On March 9, more than 250 tourism industry professionals from Everett, Lynnwood, Bothell and around the state including Yakima, Tacoma, Spokane, Bellingham, Vancouver, Seattle and many other communities across Washington converged on the state capitol to tell legislators Why Tourism Matters. An industry rally and press conference was held on the state capitol’s north steps by a coalition of convention and visitor bureaus, chambers of commerce and other destination marketing organizations from across the state.
The effort inaugurates the statewide roll-out of the Why Tourism Matters public outreach and advocacy campaign which conveyed the importance of tourism by way of advertising, online content, public relations and cooperative communications.
The campaign website at www.whytourismmatters.com features the latest tourism statistics for the Snohomish County, the state and many communities, industry news and links to national initiatives. Much of the web site is dedicated to profiles of local tourism industry professionals, or “tourism ambassadors,” who work on the frontlines and serve as the industry’s face of tourism.
These tourism ambassadors attended the press event in Olympia. Other participants - many clad in work-day uniforms and costumes - represent the spectrum of the tourism industry: from hotel managers and housekeeping attendants to restaurateurs and servers, tour leaders, travel agents, convention center presidents, vintners, artists, bell captains, tour boat captains and at least one cabaret performer.
“Today the tourism industry in Washington State has many messengers but one common message: tourism matters,” said Katherine Kertzman, President of the Washington State Destination Marketing Organizations (WSDMO). “Visitors to the state spent $15.7 billion here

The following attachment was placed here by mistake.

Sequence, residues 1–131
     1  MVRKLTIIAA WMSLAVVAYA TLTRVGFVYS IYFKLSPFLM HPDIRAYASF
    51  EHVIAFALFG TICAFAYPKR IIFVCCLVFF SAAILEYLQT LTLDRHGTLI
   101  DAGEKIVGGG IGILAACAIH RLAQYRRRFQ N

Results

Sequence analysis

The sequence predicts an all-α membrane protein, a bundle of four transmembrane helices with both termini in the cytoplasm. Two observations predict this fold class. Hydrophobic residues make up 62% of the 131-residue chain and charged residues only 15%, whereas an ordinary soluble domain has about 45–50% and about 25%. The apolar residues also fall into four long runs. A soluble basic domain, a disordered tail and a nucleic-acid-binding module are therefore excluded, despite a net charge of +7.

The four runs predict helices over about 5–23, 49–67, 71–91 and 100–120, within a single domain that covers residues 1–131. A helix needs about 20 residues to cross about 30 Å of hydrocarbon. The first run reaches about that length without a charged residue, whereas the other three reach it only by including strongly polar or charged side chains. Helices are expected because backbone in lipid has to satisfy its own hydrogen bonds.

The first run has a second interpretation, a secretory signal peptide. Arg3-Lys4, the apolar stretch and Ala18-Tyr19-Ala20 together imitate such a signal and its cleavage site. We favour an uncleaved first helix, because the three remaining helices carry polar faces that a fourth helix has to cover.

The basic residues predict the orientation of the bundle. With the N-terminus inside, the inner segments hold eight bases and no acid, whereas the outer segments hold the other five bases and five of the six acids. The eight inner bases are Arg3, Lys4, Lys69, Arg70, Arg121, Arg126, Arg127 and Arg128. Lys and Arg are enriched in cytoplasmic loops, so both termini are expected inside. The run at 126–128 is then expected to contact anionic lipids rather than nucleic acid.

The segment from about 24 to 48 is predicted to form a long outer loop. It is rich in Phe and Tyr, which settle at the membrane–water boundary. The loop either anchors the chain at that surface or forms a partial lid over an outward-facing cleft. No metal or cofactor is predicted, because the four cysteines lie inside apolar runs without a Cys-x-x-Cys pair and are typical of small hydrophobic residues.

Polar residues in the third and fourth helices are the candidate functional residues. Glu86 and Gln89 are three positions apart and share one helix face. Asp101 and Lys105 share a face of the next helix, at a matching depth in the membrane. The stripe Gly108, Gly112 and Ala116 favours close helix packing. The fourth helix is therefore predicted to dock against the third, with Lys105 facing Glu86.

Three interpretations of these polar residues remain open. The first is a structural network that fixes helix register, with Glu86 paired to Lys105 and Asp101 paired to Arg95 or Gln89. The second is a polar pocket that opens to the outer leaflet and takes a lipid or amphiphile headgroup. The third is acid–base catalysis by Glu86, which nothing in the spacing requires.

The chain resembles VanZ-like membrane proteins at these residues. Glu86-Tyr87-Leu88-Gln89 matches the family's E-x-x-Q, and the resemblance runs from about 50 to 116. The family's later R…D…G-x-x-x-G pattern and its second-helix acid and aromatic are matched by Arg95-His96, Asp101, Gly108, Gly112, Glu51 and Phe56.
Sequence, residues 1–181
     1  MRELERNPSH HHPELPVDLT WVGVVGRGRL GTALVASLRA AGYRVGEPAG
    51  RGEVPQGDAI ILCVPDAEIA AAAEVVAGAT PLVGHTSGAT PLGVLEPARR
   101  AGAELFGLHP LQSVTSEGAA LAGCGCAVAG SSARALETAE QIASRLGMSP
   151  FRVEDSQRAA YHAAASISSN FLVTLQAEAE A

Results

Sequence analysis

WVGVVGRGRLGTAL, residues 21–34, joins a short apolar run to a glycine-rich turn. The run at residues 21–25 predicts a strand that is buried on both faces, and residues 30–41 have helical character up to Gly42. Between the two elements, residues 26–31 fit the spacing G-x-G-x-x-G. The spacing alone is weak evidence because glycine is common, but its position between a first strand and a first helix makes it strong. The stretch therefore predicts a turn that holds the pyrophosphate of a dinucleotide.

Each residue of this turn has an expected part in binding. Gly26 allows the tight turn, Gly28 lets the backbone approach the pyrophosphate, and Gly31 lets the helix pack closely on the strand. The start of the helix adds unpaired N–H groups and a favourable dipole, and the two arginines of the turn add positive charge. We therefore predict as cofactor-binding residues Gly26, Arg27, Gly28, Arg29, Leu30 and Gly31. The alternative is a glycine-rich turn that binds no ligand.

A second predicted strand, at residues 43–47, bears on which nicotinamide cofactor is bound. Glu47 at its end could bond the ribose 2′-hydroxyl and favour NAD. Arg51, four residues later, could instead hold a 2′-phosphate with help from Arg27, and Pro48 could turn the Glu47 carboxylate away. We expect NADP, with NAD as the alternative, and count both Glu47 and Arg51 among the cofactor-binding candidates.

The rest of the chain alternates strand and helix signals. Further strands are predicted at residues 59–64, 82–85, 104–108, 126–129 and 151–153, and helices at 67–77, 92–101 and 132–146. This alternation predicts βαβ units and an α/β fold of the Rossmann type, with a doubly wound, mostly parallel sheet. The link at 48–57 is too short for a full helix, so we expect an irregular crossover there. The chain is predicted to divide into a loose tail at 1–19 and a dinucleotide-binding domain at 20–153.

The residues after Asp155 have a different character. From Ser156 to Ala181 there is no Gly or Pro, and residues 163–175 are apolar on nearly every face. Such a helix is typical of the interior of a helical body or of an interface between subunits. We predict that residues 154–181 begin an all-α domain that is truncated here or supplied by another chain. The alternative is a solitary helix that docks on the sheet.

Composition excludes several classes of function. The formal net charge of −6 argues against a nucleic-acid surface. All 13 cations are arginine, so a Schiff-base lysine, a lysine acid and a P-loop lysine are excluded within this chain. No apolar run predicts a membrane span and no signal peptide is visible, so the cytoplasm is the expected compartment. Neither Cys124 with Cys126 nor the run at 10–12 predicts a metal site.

last year and generated $1 billion in state and local taxes. Tourists support nearly 150,000 jobs and generate $4.3 billion in earnings.”
Following the rally, the statewide tourism industry contingent called on state legislators to ask for their support in two areas of concern: maintaining current funding levels for the 2009-2011 state tourism office budget; and support of SB 5875 and SHB 2297 which call for funding to study expansion options for the Washington State Convention & Trade Center.
Today’s state initiatives coincide with national news, including current tourism industry efforts to counterbalance the harmful political rhetoric and sensationalism that is influencing the unnecessary cancellation of corporate meetings and events across the U.S.
The U.S. Travel Association of America ranks $740 billion travel and tourism industry fifth in nation among 20 major private industry sectors. The industry directly employees 7.5 million people, generates payroll of $178 billion and tax revenues of about $110 billion. Visitors to the U.S. spent more here than U.S. residents traveling abroad, creating a positive balance of trade of $8.3 billion for the national economy.
Washington State’s core of private sector destination marketing organizations competitively market their respective cities, counties and regions to leisure travelers and meeting and convention groups. Largely non-profit economic development agencies, these convention and visitor bureaus and chambers of commerce work in tandem with the Washington State Tourism Commission and Washington State Tourism office to jointly position the state as a premier travel destination. Direct visitor spending benefits hotels, retailers, restaurants, attractions, transportation services and other businesses, and supports jobs in throughout the state.
In Snohomish County, visitors spend $881.7 million annually, contributing more than $64.4 million in state and local tax revenues. Direct visitor spending benefits retailers, restaurants, attractions, transportation services, hotels and other businesses, and provides employment for over 9,600 people in Snohomish County.